Under section 29(1)(j) of the ACL, a person is prohibited from making false or misleading representations concerning the availability of facilities for the repair of goods or of spare parts for goods.6 This is to prevent businesses from influencing decisions to buy products through false representations about the availability of spare parts or repair facilities.
False or misleading representation concerning the existence, exclusion or effect of any condition, warranty, guarantee, right or remedy
Under Section 29(1)(m) of the ACL, a person is prohibited from making a false or misleading representation about the existence, exclusion or effect of any condition, warranty, guarantee, right or remedy.7 The effect of this is that any business that attempts to exclude legal rights that a consumer may enjoy from a warranty will be in breach of the ACL.
Penalties and other consequences
If a corporation breaches a specific prohibition against false or misleading representations under s29 of the ACL, the maximum penalty that could be imposed is the greater of:8
- three times the value of the benefit received; or
- 10% of annual turnover in preceding 12 months of the offence, if the court cannot determine the benefit obtained from the offence.
Other consequences contravening these provisions can include the court ordering an injunction,9 making a declaration of the contravention,10 making non-punitive orders (such as community service orders, disclosure orders, probation orders or corrective advertising orders)11, or making an adverse publicity order.12
Takeaways for businesses
Businesses that supply goods or services to consumers must ensure that any warranties against defects that they provide with their goods or services:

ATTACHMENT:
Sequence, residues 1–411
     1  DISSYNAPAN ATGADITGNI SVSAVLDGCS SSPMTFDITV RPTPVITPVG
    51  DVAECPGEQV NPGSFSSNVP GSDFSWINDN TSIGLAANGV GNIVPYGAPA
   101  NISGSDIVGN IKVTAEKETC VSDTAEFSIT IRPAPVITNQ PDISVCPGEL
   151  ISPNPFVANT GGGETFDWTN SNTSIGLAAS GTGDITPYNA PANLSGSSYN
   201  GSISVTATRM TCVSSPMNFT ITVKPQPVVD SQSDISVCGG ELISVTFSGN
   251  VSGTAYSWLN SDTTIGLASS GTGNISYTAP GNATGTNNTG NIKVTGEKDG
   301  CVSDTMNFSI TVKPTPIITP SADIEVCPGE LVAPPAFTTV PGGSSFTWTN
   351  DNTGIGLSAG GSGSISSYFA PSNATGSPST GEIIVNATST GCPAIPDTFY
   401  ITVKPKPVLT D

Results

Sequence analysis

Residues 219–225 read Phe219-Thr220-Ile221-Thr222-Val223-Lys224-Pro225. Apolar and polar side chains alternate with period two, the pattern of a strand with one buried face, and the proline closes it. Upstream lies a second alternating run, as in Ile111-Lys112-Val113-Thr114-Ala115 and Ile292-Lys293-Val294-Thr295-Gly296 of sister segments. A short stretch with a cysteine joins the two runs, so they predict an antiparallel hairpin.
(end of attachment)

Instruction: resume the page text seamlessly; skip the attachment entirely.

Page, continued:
only contain claims that the business knows that it can stand by particularly when making promises on matters over which they may not have control;
comply with the applicable prescribed requirements in s102(1) of the ACL and Regulation 90 of the Competition and Consumer Regulations 2010 (Cth); and
reference any limitations to the warranty in a transparent and clear manner, using font that is at least the same size and prominence as the remaining parts of the warranty.
How can we help?
If you require assistance in developing your warranty documentation or would like advice in relation to the Australian Consumer Law, please contact us.
This article was written by Teresa Torcasio, Partner, Ruth Trevenen-Williams, Associate and Julia Townley, Law Graduate
1 Australian Competition and Consumer Commission v AA Machinery Pty Ltd  FCA 1293.
2 Australian Competition and Consumer Commission v AA Machinery Pty Ltd  FCA 1293, .
3 Australian Competition and Consumer Commission v AA Machinery Pty Ltd  FCA 1293, .
4 See Australian Competition and Consumer Commission v AA Machinery Pty Ltd  FCA 1293, , –; Competition and Consumer Act 2010 (Cth) s87B; ‘AA Machinery Pty Ltd – section 87B undertaking to the Australian Competition and Consumer Commission’ available at <https://www.accc.gov.au/public-registers/undertakings-registers/aa-machinery-pty-ltd>.
5 Competition and Consumer Act 2010 (Cth), sch 2, s102(1); Competition and Consumer Regulations 2010 (Cth), r90.
6 Competition and Consumer Act 2010 (Cth), sch 2, s29(1)(j).
7 Competition and Consumer Act 2010 (Cth), sch 2, s29(1)(m).
8 Competition and Consumer Act 2010 (Cth), sch 2, s151.
9 Competition and Consumer Act 2010 (Cth), sch 2, s232.
10 Federal Court of Australia Act 1976 (Cth), s21(1).
11 Competition and Consumer Act 2010 (Cth), sch 2, s246.
12 Competition and Consumer Act 2010 (Cth), sch 2, s247.